This election in 2021 BJP had challenges from several fronts, particularly from the Congress-AIUDF (All India United Democratic Forum) led Mahajot as they almost successfully managed to consolidate the Muslim votes pre-empting their vote split. Congress has been traditionally dependent on the Muslim votes, particularly the immigrant settler Muslims of East Bengal origin. But with the rise of the AIUDF, the settler Muslims have shifted their loyalty from the Congress to Maulana Badaruddin Ajmal’s AIUDF. This time, however, the Congress-AIUDF alliance showed impressive results in lower Assam, especially in Barpeta, Goalpara, Bongaigaon, Dhubri and South Salmara districts where, notably, only the Muslim candidates of the alliances clinched victory barring the two reserved seats of Dudhnoi and Abhayapuri South which are ST and SC reserved seats respectively and few odd seats like Bongaigoan, Patacharkuchi etc. Out of the 20 (twenty) open seats in lower Assam (outside BTR) 16 of the seats have been won by the Muslim candidates, i.e. 80% of the seats have gone to the Muslim candidates, primarily to the settler Muslim candidates. In this the Congress-AIUDF alliance has been a resounding success achieving the actual target and agenda of Maulana Ajmal, ensuring political representation of and power to the settler Muslim candidates at the cost of other native and indigenous communities. Notably, out of the 45 odd seats won by Congress and AIUDF (29 and 16 respectively) about 29 of the seats (64.44%) have gone to the Muslim candidates, the majority of who are settler Muslims.
Ironically, the winning streak of the Mahajot in lower Assam did not replicate in other parts of the state where most of the non-Muslim candidates of the alliance, mainly of the Congress, were in for big drubbing including, the stalwarts like the APCC chairman himself, Ripun Bora. Significantly, the alliance primarily helped the winning of the Muslim candidates and the non-Muslim candidates, who had expected the Muslim votes en bloc in their favour, faced terrible trouncing. The Mahajot has proved the worst speculations of the native Assamese to be true, that it only aimed at giving greater representation to the settler Muslims rather than ensuring a pluralistic electoral possibility that would include the non-Muslim ethnic entities as well. Himanta Biswa Sarma had cashed in on this apprehension of the native electorates and had alerted them about the possibility of the settler Muslims capturing political power of the state to subsequently posing a serious threat to the cultural and civilizations identity of the land. This narrative drew traction in the rest of Assam overshadowing all other rhetoric and sentiments, including even the vociferous anti CAA planks which was considered by many as the infallible amulet to drive out the BJP from the state. In fact, the major protagonists of the anti-CAA movement, Lurin Jyoti Gogoi, had to bite the dust along with all the heavy weighs he had fielded from his newly formed political party, Asom Jatiyo Parishad, expecting a land slide. The massive upsurge of support to the anti-CAA showdown did not translate into votes as the party drew a blank without winning a single seat, including Lurin Jyoti Gogoi’s two seats of Naharkatia and Duliajan.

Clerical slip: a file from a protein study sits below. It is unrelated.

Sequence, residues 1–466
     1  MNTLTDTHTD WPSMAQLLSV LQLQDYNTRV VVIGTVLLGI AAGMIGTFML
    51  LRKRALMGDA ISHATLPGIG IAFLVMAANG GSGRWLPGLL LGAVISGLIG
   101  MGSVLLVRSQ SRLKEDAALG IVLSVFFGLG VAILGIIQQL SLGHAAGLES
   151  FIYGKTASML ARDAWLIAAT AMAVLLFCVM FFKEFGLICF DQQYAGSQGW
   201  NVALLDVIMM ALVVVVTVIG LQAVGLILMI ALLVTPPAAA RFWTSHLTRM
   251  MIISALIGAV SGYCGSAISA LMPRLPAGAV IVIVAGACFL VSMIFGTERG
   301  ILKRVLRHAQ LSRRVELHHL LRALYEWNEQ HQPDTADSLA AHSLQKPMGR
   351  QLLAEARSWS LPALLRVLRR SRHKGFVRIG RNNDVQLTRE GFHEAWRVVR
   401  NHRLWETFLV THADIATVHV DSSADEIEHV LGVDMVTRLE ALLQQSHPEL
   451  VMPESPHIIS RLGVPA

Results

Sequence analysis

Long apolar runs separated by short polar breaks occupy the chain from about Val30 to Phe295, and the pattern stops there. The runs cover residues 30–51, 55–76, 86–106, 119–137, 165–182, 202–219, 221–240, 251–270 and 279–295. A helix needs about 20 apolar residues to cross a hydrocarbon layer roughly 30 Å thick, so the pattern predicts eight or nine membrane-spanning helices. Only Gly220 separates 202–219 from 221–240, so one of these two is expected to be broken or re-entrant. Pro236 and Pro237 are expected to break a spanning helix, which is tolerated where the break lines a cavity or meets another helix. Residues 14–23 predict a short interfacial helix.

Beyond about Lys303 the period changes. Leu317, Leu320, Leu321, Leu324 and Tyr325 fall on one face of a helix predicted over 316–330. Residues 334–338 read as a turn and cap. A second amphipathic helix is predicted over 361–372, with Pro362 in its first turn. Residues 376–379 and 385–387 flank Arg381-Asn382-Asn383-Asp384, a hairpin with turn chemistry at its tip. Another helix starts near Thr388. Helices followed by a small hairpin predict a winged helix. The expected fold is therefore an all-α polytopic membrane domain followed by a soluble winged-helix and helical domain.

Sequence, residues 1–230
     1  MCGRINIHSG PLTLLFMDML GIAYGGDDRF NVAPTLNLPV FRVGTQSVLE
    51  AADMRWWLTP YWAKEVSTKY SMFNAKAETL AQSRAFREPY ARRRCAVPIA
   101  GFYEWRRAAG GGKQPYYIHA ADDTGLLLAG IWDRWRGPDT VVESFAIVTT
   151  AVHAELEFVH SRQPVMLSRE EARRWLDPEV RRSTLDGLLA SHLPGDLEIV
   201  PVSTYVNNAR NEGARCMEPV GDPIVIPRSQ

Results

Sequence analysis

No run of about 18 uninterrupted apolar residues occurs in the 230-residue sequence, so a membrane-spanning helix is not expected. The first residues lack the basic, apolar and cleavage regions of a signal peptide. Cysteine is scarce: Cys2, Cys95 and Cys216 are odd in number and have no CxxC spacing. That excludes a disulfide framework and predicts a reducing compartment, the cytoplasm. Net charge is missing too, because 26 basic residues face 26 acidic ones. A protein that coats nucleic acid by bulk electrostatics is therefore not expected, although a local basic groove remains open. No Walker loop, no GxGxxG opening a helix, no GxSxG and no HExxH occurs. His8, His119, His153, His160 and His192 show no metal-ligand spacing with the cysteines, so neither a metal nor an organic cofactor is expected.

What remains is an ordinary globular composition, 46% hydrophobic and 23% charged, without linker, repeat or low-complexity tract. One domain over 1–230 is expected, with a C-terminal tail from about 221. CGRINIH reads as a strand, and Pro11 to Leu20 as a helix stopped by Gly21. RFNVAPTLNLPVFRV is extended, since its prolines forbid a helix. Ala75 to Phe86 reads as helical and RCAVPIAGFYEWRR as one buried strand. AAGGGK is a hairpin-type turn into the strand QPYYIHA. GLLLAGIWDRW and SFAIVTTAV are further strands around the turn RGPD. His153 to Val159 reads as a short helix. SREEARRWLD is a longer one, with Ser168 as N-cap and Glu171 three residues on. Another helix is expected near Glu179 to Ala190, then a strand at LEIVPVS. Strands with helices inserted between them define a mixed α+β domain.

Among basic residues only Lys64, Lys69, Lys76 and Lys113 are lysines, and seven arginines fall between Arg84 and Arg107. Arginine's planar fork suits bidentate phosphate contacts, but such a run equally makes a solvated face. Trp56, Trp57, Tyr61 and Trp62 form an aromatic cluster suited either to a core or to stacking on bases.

In this election, like the earlier ones, Himanta Biswa Sarma has emerged as the Numero uno, the super hero for his party not only for Assam but also for the whole country, as he could save the face of the top leadership of his party by winning this major state, whereas in rest of the country, in the four other states where elections were held simultaneously, BJP had to face dramatic devastations, especially in West Bengal.
When Mamata Banerjee is celebrated as the power woman, the lioness wresting her pound of chunk from the mouth of the dreaded opponents, Himanta is definitely the man of the moment to have redefined what invincibility is all about. And of course, in this election, another hero has emerged- Akhil Gogoi. He had fought the elections from jail, where he was forced to languish on trumped up charges. With his ageing mother hitting the ground seeking votes and support for her incarcerated son, massive support grew for him among the electorates of Sivsagar and prayers for him by many from rest of Assam. Akhil Gogoi has turned out to be the Che Guevera of Assam, an audacious symbol of anti-establishment voice inspiring the popular imagination.
It would be an event to watch out for when the two formidable leaders, Himanta and Akhil, best debaters from their Cotton College days, begin the face off on the floor of Assam assembly.
Views are personal.
(Jyotirmoy Prodhani is a writer and commentator. He teaches at NEHU, Shillong, and can be reached at firstname.lastname@example.org)